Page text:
As a first example, we will examine a simple signaling method, Non Return to Zero (NRZ). In NRZ, the bit stream is transmitted as a series of voltage values, as shown in the figure. A low voltage value represents a logical 0 and a high voltage value represents a logical 1. The voltage range depends on the particular Physical layer standard in use.
This simple method of signaling is only suited for slow speed data links. NRZ signaling uses bandwidth inefficiently and is susceptible to electromagnetic interference. Additionally, the boundaries between individual bits can be lost when long strings of 1s or 0s are transmitted consecutively. In that case, no voltage transitions are detectable on the media. Therefore, the receiving nodes do not have a transition to use in resynchronizing bit times with the transmitting node.
Instead of representing bits as pulses of simple voltage values, in the Manchester Encoding scheme, bit values are represented as voltage transitions. For example, a transition from a low voltage to a high voltage represents a bit value of 1. A transition from a high voltage to a low voltage represents a bit value of 0. As shown in the figure, one voltage transition must occur in the middle of each bit time. This transition can be used to ensure that the bit times in the receiving nodes are synchronized with the transmitting node. The transition in the middle of the bit time will be either the up or down direction for each unit of time in which a bit is transmitted. For consecutive bit values, a transition on the bit boundary "sets up" the appropriate mid-bit time transition that represents the bit value.
Although Manchester Encoding is not efficient enough to be used at higher signaling speeds, it is the signaling method employed by 10BaseT Ethernet (Ethernet running at 10 Megabits per second).
Encoding - Grouping Bits
In the prior section, we describe the signaling process as how bits are represented on physical media. In this section, we use of the word encoding to represent the symbolic grouping of bits prior to being presented to the media. By using an encoding step before the signals are placed on the media, we improve the efficiency at higher speed data transmission. As we use higher speeds on the media, we have the possibility that data will be corrupted. By using the coding groups, we can detect errors more efficiently. Additionally, as the demand for data speeds increase, we seek ways to represent more data across the media, by transmitting fewer bits. Coding groups provide a method of making this data representation. The Physical layer of a network device needs to be able to detect legitimate data signals and ignore random non-data signals that may also be on the physical medium. The stream of signals being transmitted needs to start in such a way that the receiver recognizes the beginning and end of the frame.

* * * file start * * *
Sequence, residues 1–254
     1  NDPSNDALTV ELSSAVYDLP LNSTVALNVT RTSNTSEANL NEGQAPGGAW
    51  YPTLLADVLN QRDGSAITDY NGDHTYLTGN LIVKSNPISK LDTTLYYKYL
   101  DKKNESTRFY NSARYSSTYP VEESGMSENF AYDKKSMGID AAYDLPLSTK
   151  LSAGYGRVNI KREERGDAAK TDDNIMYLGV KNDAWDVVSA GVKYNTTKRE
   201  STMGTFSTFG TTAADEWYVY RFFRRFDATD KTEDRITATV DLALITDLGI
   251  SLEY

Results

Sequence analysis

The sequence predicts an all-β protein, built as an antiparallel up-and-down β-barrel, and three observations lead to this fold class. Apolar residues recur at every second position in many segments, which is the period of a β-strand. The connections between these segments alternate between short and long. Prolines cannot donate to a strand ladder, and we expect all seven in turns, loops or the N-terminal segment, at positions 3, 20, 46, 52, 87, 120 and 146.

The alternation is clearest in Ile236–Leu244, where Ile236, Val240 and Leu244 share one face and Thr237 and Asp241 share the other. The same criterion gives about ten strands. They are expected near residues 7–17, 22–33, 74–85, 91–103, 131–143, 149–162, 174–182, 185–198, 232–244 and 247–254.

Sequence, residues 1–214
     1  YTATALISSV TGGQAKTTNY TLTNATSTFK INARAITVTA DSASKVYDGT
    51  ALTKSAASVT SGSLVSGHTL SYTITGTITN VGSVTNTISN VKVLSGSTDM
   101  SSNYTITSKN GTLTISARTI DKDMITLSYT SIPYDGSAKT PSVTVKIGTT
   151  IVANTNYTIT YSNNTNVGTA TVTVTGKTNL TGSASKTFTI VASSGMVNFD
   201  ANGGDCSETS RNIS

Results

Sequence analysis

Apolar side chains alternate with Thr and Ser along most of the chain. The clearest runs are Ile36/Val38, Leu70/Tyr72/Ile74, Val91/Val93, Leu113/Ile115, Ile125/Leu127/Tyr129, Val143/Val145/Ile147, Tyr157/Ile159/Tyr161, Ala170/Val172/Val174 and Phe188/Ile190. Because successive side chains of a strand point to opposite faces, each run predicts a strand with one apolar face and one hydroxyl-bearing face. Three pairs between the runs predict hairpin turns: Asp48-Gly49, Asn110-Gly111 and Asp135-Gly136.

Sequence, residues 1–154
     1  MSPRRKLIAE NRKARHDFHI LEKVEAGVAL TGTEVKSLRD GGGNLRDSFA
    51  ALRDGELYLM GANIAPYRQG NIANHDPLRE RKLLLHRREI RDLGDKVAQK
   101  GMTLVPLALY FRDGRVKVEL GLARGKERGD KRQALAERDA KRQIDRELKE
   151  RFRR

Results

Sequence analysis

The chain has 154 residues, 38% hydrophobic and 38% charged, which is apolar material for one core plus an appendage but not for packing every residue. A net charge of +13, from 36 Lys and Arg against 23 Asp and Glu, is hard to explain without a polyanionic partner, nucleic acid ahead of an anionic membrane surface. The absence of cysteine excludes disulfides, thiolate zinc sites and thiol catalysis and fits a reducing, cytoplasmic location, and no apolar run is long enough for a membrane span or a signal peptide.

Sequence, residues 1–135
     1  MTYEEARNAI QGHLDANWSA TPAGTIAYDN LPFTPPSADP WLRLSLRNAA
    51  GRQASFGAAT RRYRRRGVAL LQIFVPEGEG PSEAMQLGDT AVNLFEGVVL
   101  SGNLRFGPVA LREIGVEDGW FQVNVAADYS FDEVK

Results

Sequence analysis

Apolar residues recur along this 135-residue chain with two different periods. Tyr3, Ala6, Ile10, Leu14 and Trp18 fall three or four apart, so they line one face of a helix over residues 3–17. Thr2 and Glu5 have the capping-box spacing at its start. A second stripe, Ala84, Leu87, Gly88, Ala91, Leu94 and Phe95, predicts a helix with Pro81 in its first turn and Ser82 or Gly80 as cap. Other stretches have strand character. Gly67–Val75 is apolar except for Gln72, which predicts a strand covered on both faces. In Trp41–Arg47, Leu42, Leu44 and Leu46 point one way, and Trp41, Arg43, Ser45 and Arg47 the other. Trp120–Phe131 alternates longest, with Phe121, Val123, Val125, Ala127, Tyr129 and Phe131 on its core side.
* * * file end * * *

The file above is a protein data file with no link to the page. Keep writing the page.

One way to provide frame detection is to begin each frame with a pattern of signals representing bits that the Physical layer recognizes as denoting the start of a frame. Another pattern of bits will signal the end of the frame. Signal bits not framed in this manner are ignored by the Physical layer standard being used. Valid data bits need to be grouped into a frame; otherwise, data bits will be received without any context to give them meaning to the upper layers of the networking model. This framing method can be provided by the Data Link layer, the Physical layer, or by both. The figure depicts some of the purposes of signaling patterns. Signal patterns can indicate: start of frame, end of frame, and frame contents. These signal patterns can be decoded into bits. The bits are interpreted as codes. The codes indicate where the frames start and stop.
Encoding techniques use bit patterns called symbols. The Physical layer may use a set of encoded symbols - called code groups - to represent encoded data or control information. A code group is a consecutive sequence of code bits that are interpreted and mapped as data bit patterns. For example, code bits 10101 could represent the data bits 0011. As shown in the figure, code groups are often used as an intermediary encoding technique for higher speed LAN technologies. This step occurs at the Physical layer prior to the generation of signals of voltages, light pulses, or radio frequencies. By transmitting symbols, the error detection capabilities and timing synchronization between transmitting and receiving devices are enhanced. These are important considerations in supporting high speed transmission over the media. Although using code groups introduces overhead in the form of extra bits to transmit, they improve the robustness of a communications link. This is particularly true for higher speed data transmission.